By Leo Shane III
The Pentagon brass has spent months urging lawmakers to support pay and benefits changes that could hurt troops’ wallets. But those same top brass are also in line to take a hit to the wallet.
Congress included several cuts to flag and general officers’ perks in its annual authorization bill, in recognition of the sacrifices being proposed for the rest of the force.
For example, troops likely will see only a 1 percent pay raise next January, 0.8 percentless than private-sector wage growth.
But top officers won’t even get that: Pentagon officials included in the budget plan a pay freeze for all high-ranking military personnel in paygrades O-7 and above.
The move would save the military $2 million to $3 million in salaries for the slightly more than 903 flag and general officers in the ranks, a small fraction of the nearly $600 million Pentagon planners project would be saved through a raise of 1 percent, rather than 1.8 percent, for the rest of the force.
Another Senate provision could hit the brass even harder. It would reinstate a cap on retirement pay at Level II of the federal executive pay schedule, potentially trimming thousands off annual retirement payouts.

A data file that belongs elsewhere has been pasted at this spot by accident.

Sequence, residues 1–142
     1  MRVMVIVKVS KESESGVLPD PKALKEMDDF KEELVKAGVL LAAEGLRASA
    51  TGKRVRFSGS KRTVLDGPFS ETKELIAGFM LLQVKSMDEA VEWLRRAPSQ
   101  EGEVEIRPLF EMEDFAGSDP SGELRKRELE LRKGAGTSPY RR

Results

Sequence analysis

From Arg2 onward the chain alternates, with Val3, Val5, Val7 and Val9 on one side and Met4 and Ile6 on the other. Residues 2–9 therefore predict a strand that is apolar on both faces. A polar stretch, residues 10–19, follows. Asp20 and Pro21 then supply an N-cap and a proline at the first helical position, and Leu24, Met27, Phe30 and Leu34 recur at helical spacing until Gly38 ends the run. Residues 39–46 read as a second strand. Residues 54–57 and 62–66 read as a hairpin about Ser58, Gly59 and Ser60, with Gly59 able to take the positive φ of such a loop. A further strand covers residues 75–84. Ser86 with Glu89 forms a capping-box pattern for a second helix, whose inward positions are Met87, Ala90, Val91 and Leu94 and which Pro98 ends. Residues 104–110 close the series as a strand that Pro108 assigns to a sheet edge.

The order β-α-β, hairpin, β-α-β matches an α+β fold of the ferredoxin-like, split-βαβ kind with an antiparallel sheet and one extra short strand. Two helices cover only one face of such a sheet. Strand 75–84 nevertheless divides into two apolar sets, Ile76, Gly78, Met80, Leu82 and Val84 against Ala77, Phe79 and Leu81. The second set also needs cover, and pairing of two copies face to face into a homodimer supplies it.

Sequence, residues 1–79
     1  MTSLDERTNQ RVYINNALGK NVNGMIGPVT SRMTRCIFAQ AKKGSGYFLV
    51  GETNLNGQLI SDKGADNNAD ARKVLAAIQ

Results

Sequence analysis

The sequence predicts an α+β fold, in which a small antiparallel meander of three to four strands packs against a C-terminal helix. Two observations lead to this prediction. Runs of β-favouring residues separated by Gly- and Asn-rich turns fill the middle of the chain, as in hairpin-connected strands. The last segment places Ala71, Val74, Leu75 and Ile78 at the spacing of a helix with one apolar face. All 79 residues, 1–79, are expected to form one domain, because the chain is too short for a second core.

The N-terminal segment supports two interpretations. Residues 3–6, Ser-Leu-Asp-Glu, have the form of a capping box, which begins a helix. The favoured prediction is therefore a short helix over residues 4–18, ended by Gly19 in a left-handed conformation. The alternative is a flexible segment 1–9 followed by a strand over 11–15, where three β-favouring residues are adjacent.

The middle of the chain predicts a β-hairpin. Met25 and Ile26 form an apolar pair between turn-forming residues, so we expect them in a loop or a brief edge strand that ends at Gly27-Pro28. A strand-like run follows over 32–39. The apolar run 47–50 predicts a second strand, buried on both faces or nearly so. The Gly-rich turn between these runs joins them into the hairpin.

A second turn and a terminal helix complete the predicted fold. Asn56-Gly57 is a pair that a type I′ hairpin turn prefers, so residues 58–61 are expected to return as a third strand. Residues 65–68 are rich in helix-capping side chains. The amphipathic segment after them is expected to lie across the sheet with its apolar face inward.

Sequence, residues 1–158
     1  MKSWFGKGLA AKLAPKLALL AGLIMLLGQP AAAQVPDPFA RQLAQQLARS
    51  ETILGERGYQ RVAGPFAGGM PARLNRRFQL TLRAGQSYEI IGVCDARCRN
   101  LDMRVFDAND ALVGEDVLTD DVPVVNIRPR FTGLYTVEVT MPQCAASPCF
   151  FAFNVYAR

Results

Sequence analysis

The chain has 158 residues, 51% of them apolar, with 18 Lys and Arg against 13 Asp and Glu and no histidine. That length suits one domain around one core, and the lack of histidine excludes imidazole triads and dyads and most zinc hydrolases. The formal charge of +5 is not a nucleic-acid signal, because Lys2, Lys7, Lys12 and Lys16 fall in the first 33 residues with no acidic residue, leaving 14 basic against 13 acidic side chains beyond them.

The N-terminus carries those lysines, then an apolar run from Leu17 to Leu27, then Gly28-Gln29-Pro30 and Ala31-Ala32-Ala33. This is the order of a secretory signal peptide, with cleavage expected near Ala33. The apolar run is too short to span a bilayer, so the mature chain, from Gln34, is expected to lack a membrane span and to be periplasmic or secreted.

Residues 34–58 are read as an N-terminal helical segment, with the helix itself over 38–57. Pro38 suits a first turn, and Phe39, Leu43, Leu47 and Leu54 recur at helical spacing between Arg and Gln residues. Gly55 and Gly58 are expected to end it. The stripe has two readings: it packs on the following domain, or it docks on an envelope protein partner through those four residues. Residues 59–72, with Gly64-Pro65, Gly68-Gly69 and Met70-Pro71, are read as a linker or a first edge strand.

That Level II cap applies to active-duty pay, and typically affects only the longest-serving O-9s and O-10s. But when such officers leave service, their retirement pay is based on their uncapped rate of basic pay — a huge difference over a couple of decades of retirement.
Another amendment sponsored by Rep. Jim Cooper, D-Tenn., would affect top officers in a different way, by reducing the number of enlisted aides who can be used as support staff in an effort to keep senior officer entourages appropriately sized.
Under the proposal, included in the House’s draft defense authorization bill, the total number of aides would be capped at 300, but could drop even lower based on the force’s total number of O-9s and O-10s. Lawmakers also want to require an annual report on the number of aides assigned to those senior officers, to ensure the figure remains under control.
House lawmakers also renewed efforts to trim the number of general and flag officers, which peaked at almost 1,000 in 2010.
Under the House provision, at least 33 of those positions would have to be cut by the end of 2015. That would drop the total to under 900, the lowest since 2001. The cuts would be made through attrition, not through forced retirements.